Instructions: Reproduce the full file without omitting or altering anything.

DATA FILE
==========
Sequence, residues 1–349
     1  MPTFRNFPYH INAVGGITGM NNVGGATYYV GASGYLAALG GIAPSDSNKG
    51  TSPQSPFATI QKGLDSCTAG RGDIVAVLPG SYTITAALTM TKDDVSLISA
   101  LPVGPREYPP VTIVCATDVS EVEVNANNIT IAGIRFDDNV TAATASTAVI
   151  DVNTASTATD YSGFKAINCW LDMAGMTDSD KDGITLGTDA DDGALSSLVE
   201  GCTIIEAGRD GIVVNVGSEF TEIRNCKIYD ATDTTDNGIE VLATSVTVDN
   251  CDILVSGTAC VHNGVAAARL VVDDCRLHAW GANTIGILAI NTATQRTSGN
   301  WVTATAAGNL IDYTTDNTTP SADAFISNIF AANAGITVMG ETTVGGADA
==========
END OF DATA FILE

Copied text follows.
Sequence, residues 1–349
     1  MPTFRNFPYH INAVGGITGM NNVGGATYYV GASGYLAALG GIAPSDSNKG
    51  TSPQSPFATI QKGLDSCTAG RGDIVAVLPG SYTITAALTM TKDDVSLISA
   101  LPVGPREYPP VTIVCATDVS EVEVNANNIT IAGIRFDDNV TAATASTAVI
   151  DVNTASTATD YSGFKAINCW LDMAGMTDSD KDGITLGTDA DDGALSSLVE
   201  GCTIIEAGRD GIVVNVGSEF TEIRNCKIYD ATDTTDNGIE VLATSVTVDN
   251  CDILVSGTAC VHNGVAAARL VVDDCRLHAW GANTIGILAI NTATQRTSGN
   301  WVTATAAGNL IDYTTDNTTP SADAFISNIF AANAGITVMG ETTVGGADA